How to Avoid Common ADA Compliance Problems?
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For over a decade, as ADA California experts, we’ve protected businesses and property owners from ADA lawsuits, but never before have we seen such dramatic changes as what we are witnessing in 2020. Across state and local jurisdictions, ADA lawsuit volume spiked 30%. The regular serial litigants ramped up “productivity” and many new ones got into “the game” that can be played by referencing the requirements for public accommodations in Title III of the Americans with Disabilities Act. In all, they blasted out thousands of lawsuits and made millions of dollars suing business and property owners over noncompliant accessibility standards. But as we work through 2020, we wanted to take a moment to share some of the common problems for ADA compliance that can lead to lawsuits as they are what the Department of Justice specifies as legal guidelines from Americans With Disabilities Act.
Signage is designed to be eye-catching, but when you are dealing with ADA Parking Signage, property owners and property managers must be very careful on not only having the correct signage but making sure it is ADA compliant — this is one of the most common problems we see — many times caused by incorrect accessible design. There are hundreds of details that must be taken into consideration with ADA parking signage so that people with disabilities can safely access a commercial property. Everything from the height that a sign is installed on a post, to the size of the font used to fill in the specific contact details on a tow sign, everything must be precisely implemented to code… and if details are missed, an ADA lawsuit could be just around the corner, and ADA compliance could be compromised.
With 95% of all ADA lawsuits originating in parking lots, there is plenty of reason for property owners and property managers to be vigilant in ensuring their exteriors are compliant to ADA standards, and signage plays a huge role. ADA Compliance Professionals has seen countless compliance lawsuits over the last year that cited signage problems, making the exposure for a lawsuit even more treacherous. Navigating just what exactly makes a parking lot compliant and the ADA rules that must be followed is tricky. However, it must be done successfully so that people with disabilities can safely access a property.
Serial litigants are always seeking easy-to-spot infractions – they don’t need more than a few issues to justify a lawsuit that will cost the business and/or property owner thousands of dollars. Many times they aren’t even going to the property in person, but scoping it out on Google Earth, seeking out common problems from faulty accessible design. And one of the most regularly cited issues in ADA lawsuit complaints is signage that falls short of required ADA standards.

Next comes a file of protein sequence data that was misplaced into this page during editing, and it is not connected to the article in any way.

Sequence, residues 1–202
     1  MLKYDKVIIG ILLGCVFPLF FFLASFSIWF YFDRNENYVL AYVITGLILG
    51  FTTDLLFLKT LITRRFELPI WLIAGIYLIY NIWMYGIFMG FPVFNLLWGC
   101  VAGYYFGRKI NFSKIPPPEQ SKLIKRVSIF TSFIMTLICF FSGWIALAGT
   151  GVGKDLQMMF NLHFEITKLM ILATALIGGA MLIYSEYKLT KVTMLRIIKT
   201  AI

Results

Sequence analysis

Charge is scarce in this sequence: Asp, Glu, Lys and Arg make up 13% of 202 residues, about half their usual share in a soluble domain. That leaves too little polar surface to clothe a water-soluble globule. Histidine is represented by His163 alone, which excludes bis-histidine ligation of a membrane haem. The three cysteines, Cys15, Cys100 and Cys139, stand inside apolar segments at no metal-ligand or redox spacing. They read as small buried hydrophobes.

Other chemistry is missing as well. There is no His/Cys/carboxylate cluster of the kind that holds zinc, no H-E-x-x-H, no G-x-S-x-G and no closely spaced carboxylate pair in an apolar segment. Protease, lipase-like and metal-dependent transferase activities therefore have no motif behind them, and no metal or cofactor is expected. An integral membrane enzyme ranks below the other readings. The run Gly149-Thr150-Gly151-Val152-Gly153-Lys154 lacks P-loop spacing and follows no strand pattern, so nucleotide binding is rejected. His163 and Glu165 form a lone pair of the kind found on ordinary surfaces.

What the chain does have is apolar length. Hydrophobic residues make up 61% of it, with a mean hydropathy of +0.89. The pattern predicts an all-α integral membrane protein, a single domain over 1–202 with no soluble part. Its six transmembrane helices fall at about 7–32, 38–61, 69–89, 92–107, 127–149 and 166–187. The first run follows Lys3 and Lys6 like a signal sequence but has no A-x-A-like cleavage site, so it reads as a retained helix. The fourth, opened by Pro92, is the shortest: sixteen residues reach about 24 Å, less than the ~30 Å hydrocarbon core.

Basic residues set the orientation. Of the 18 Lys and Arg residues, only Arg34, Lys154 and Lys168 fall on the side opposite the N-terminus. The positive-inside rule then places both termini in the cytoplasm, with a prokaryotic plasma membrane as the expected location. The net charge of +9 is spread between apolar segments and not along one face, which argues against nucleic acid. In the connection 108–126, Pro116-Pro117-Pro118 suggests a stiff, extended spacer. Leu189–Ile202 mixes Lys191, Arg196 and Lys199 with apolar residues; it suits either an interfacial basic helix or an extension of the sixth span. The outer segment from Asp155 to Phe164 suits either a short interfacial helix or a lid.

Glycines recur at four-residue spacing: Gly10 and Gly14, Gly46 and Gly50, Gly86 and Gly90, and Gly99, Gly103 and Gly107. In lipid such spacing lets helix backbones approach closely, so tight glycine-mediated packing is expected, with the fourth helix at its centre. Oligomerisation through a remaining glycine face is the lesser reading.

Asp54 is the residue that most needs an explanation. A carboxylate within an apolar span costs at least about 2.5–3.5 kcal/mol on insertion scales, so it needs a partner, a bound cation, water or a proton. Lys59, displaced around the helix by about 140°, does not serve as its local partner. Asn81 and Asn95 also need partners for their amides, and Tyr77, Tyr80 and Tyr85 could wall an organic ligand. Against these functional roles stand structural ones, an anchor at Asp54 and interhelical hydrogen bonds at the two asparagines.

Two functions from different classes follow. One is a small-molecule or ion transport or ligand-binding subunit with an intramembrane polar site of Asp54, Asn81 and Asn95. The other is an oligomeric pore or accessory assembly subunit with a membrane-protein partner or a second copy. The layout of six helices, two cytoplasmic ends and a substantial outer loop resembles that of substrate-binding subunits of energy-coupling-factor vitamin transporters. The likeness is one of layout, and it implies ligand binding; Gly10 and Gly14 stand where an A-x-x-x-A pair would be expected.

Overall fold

From the tow sign, which must be properly positioned, to the accessible parking signage, which has multiple requirements to ensure it is compliant, there is a lot of issues that must be properly addressed in a parking lot. Even regular maintenance plays a role because if an ADA parking sign is vandalized, that can also be justification for a lawsuit as all of the above can create barriers for people with disabilities to safely access a property.
With 95% of all ADA lawsuits originating in parking lots, there is plenty of reason for property owners and property managers to be vigilant to avoid accessibility problems. Navigating just what exactly makes a parking lot compliant and the ADA rules that must be followed is tricky, but we are here to help avoid these common problems.
One of the primary offenders for non-compliance which is constantly cited in lawsuit complaints: curb ramps. Curb ramps are a part of the required ADA standards and a crucial element of what is called public accommodation for ADA compliance. For reference, public accommodations are what is cited in Title III of the Americans with Disabilities Act, which was put into effect in 1993 by the Department of Justice to help ensure people with disabilities have the same level of accessibility as an able-bodied person; do not have access was ruled discriminatory.
Now that we’ve clarified what exactly is a public accommodation, let’s get back to curb ramps. They are a way of enabling somebody in a wheelchair, or with other disabilities, to transition from the parking lot or public sidewalk to a walkway, and the parameters for making one ADA compliant are strict. You cannot exceed 2% of a cross slope and 5% of a running slope and correct implementation can be challenging, but the ruling by the Department of Justice made this requirement necessary.
However, very very few curb ramps are ADA compliant. It is one of the most easily spotted non-compliant elements in a parking lot. The biggest offender is what is known as a “built-up curb ramp,” which is one of the most common problems we encounter.